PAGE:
Abstract

http://ssrn.com/abstract=861146
 


 



Deterring Irresponsible Reproduction through Welfare Reform


Linda C. McClain


Boston University - School of Law


FEMINISM CONFRONTS HOMO ECONOMICUS: GENDER, LAW, AND SOCIETY, Martha Alberton Fineman and Terence Dougherty, eds., Cornell University Press, 2005
Hofstra Univ. Legal Studies Research Paper No. 05-26

Abstract:     
This essay looks back at the rhetoric of irresponsible reproduction as it figured in the congressional debates of the 1990s about welfare reform, leading to passage of the Personal Responsibility and Work Opportunity Reconciliation Act of 1996 (PRWORA). In such debates, proposals to combat rates of nonmarital births and welfare dependency advocated doing so by altering the incentives concerning welfare. The essay examines assumptions about the relationship between the incentive effects of governmental programs and human motivation, agency, and victimization. It contends that the procreation stories told in such public policy discourse are simplistic, reductive, and inadequate, and suggests how feminist conceptions of responsibility and irresponsibility would enrich a public conversation about reproduction and responsibility. The essay notes the prominence in post-PRWORA rhetoric about welfare reform of the idea that governmental efforts to promote responsible fatherhood should be the next phase of implementing the reforms begun by PRWORA.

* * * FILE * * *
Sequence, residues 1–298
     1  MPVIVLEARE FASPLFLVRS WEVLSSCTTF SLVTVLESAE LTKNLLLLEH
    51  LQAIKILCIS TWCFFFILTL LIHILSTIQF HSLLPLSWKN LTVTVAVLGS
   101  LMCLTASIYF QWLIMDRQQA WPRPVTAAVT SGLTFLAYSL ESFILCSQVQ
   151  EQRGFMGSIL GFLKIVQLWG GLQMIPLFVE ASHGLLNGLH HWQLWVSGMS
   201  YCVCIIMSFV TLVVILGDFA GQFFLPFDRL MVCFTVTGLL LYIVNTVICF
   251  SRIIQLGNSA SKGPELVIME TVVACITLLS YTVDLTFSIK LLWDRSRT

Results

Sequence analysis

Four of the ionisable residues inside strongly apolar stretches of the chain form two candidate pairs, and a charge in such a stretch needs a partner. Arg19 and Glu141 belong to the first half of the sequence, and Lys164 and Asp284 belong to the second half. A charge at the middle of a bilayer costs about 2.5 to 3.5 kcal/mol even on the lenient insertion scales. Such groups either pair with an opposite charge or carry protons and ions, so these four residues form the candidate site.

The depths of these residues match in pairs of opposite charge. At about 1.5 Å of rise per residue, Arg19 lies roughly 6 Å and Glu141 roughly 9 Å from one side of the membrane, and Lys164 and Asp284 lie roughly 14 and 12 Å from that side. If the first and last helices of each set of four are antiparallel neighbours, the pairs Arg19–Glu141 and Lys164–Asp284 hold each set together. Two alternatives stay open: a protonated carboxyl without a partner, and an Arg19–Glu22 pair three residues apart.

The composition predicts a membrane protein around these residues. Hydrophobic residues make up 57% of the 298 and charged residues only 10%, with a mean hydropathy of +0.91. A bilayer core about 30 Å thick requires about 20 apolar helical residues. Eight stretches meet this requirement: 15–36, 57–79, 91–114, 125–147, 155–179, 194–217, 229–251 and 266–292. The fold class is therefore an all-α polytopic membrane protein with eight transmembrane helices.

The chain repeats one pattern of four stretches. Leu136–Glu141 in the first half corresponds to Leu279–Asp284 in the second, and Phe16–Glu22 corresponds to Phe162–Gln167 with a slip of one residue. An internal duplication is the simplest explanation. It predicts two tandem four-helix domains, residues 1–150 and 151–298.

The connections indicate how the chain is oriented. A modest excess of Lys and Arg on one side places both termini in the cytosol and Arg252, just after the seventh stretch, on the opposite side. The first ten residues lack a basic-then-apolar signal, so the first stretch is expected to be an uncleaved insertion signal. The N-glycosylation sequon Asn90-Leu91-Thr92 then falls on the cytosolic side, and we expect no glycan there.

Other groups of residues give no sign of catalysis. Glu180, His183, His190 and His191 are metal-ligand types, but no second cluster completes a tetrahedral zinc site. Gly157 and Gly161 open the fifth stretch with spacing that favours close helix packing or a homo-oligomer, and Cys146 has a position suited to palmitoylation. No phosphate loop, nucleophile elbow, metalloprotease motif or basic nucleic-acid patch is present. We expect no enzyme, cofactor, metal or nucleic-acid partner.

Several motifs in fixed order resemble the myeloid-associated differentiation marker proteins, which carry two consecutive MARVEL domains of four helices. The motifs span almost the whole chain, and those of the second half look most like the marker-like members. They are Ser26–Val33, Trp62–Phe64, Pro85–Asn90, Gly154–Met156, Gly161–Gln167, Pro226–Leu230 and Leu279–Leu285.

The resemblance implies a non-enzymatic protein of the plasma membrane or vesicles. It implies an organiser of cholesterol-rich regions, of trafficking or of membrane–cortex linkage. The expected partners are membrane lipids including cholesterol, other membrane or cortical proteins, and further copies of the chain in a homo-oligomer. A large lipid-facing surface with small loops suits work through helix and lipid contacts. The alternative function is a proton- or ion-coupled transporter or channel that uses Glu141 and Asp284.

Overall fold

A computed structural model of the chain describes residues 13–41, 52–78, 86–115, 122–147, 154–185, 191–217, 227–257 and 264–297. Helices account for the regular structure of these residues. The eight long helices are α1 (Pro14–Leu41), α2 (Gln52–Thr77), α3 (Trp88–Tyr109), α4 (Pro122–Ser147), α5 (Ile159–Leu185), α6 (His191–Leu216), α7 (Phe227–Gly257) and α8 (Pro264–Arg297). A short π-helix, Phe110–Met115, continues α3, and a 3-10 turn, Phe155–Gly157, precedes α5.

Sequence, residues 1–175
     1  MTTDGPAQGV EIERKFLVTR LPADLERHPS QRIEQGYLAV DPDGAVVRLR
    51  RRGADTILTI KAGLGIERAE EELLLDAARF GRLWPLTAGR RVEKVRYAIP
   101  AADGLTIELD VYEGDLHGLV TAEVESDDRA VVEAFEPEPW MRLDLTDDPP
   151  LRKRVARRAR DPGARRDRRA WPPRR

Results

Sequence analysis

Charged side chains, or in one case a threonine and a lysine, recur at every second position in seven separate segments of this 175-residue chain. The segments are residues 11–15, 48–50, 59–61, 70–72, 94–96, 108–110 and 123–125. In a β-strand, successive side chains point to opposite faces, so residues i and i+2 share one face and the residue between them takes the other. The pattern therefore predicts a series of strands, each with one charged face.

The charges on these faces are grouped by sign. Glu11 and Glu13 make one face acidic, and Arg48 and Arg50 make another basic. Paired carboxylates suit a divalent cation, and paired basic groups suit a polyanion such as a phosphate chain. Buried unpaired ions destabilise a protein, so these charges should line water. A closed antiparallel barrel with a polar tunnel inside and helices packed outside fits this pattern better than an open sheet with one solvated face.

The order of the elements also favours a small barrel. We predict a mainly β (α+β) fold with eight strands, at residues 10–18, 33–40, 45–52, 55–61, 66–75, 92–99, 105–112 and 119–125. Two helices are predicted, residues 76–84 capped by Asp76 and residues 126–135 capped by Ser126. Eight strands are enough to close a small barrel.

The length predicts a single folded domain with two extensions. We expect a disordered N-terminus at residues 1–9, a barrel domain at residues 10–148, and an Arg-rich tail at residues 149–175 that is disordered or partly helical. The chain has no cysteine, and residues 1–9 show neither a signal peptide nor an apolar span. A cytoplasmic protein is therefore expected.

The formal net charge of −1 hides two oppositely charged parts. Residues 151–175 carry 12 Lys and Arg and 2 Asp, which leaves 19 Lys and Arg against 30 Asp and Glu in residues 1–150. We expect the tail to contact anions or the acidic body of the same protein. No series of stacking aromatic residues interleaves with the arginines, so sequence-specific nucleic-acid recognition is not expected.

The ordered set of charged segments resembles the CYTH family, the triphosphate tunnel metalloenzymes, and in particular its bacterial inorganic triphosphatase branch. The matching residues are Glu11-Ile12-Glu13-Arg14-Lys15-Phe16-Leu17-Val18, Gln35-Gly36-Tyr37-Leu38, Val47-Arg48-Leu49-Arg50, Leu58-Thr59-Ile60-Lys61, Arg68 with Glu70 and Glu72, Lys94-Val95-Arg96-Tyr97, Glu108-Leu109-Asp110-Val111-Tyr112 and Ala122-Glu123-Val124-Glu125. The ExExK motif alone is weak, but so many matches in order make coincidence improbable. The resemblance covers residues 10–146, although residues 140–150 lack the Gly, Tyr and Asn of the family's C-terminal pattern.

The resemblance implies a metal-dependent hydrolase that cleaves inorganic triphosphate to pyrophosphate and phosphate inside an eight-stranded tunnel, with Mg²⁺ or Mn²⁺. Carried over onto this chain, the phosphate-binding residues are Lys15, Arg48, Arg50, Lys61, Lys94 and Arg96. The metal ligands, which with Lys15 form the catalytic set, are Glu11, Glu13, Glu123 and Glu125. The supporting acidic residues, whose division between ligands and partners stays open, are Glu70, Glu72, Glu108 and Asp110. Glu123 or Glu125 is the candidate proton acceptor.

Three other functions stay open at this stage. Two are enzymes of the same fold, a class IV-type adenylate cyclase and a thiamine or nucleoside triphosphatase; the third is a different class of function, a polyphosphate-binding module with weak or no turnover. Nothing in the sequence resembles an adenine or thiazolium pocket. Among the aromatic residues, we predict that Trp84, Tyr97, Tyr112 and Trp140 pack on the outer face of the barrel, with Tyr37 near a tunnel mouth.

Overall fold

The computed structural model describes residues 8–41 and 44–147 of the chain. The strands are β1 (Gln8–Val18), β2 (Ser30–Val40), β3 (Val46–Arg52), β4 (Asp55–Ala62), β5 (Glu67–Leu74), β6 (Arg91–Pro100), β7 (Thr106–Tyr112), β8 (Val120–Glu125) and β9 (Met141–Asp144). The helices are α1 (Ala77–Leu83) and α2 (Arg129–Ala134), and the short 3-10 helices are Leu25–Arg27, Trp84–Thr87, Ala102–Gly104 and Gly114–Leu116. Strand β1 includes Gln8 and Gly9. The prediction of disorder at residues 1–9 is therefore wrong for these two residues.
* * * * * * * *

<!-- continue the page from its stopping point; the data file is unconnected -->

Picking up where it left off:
Keywords: welfare, reproduction, mothers, fatherhood, personal responsibility

Accepted Paper Series


Not Available For Download

Date posted: December 1, 2005  

Suggested Citation

McClain, Linda C., Deterring Irresponsible Reproduction through Welfare Reform. FEMINISM CONFRONTS HOMO ECONOMICUS: GENDER, LAW, AND SOCIETY, Martha Alberton Fineman and Terence Dougherty, eds., Cornell University Press, 2005; Hofstra Univ. Legal Studies Research Paper No. 05-26. Available at SSRN: http://ssrn.com/abstract=861146

Contact Information

Linda C. McClain (Contact Author)
Boston University - School of Law ( email )
765 Commonwealth Avenue
Boston, MA 02215
United States
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